Candida-Friendly Chocolate Mug Cake - A sugar-free treat for those watching their sugar intake or suffering with candida!
So, this recipe and my way of thinking may NOT agree with some of you.
The candida diet can be fuzzy when it comes to the dos and don'ts, as well as the why behind them.
Candida is a multi-faceted issue, and each person will be different, as far as what works for their healing.
In my case, I've successfully kept fruit, grains, legumes, and even cocoa powder in my diet and had the candida improve. At my worst, I cut out beans and (most) grains, along with higher sugar fruits. Each time, however, I kept cocoa powder, making various 'bitter' cakes and brownies with stevia instead of sweeteners.
Why does cocoa powder contribute to candida?
I will preface here that this is all based on my reading, my experience, and, ultimately, my opinion.
I've done a good amount of research on candida, including cocoa powder. Avoiding sweeteners and even high starch foods is understandably necessary, but cocoa powder is low sugar and low carb, so why wouldn't one be able to enjoy it?
1. Cocoa contains caffeine
One theory behind avoiding cocoa is that it is high in caffeine, which can affect your adrenal glands. Commonly, people with yeast problems have some type of adrenal fatigue, and the last thing they need is a caffeinated stimulant that can exacerbate the situation. Most docs that are well-versed on the subject say that a cup of coffee a day is fine.
For me, I don't drink coffee, so I consider a tablespoon of cocoa a few days a week to be my caffeine of choice.
If you're drinking 4-5 cups of coffee a day and trying to eat half of a chocolate bar, you might want to reconsider.
Ultimately, it's all in how you choose to use your caffeine 'allowance', so to speak.
2. Cocoa powder is fermented
I don't know if most people know this, but cocoa powder is actually a fermented food, meaning it goes through a process of being exposed to natural yeast.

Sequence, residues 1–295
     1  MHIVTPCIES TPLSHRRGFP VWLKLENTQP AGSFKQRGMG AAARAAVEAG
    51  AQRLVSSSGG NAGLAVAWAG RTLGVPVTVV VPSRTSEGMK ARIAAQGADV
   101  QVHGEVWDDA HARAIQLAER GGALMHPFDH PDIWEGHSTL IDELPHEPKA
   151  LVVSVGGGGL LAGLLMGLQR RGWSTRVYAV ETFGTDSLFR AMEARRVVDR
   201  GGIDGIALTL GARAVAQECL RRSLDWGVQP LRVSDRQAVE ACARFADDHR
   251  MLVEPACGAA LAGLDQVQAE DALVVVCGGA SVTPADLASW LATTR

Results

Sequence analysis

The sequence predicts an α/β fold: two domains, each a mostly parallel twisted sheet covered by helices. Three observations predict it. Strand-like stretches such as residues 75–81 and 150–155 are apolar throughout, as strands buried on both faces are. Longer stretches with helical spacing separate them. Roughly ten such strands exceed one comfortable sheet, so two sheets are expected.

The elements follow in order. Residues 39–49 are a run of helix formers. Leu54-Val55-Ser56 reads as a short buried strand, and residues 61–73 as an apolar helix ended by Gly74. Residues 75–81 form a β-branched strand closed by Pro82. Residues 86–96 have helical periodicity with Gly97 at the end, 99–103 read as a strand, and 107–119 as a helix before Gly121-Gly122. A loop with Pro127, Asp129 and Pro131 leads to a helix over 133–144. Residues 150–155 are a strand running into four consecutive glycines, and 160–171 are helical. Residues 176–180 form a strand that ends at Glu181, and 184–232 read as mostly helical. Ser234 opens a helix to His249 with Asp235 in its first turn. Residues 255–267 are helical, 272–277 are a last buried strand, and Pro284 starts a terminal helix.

In short, cocoa beans are picked and removed from their pods, then placed into fermenting boxes. They then go through a succession of microbial activities with three groups of micro-organisms, namely yeasts, lactic acid bacteria, and acetic acid bacteria, resulting in well-fermented, fully brown cocoa beans.
This process develops their color and, more importantly, flavor. All fine and dandy, until you have a yeast problem!
Non-fermented cocoa powder
There is but ONE company that I have found that makes non-fermented cocoa powder. Unfortunately, they are frequently out of stock, so I would get on their waiting list if you'd like some!
This is the only cocoa powder I use in my recipes now!
Today's cake is one that I've crafted over the last year or so, mostly out of necessity for some type of healthier, energy-inducing 'treat'.
While this may not appeal to the majority of readers, I thought there might be someone out there who could relate. I've been eating this so much lately, I just had to share!
Candida-Friendly Chocolate Mug Cake
- 1 Tbsp teff flour
- 1 Tbsp oat flour
- 1 Tbsp pumpkin seed flour (almond meal also works!)
- 1 Tbsp non-fermented cocoa powder
- ⅛ tsp baking soda
- couple dashes sea salt
- 1 Tbsp butter or coconut oil
- 2 Tbsp applesauce or pumpkin
- 3-4 Tbsp milk of your choice
- ½ tsp vanilla extract
- 5-8 drops stevia see Notes
- Preheat the oven to 350 degrees.
- Oil or butter a small 8-10 ounce ramekin.
- Mix everything together, adding milk as needed to get a cake batter consistency. If using pumpkin, you will need a bit more milk.
- Pour the batter into the well-oiled ramekin.
- Bake for 14-18 minutes, or until top is springy to the touch.
- Cool and enjoy!
I make pumpkin seed flour by grinding raw pumpkin seeds in a coffee grinder.
Use room temperature ingredients for best results.
Shared with: Sundays on Silverado, Meal Plan Monday
I'm going to try this with carob powder. 😊
I wasn't aware of this particular challenge, but this sounds good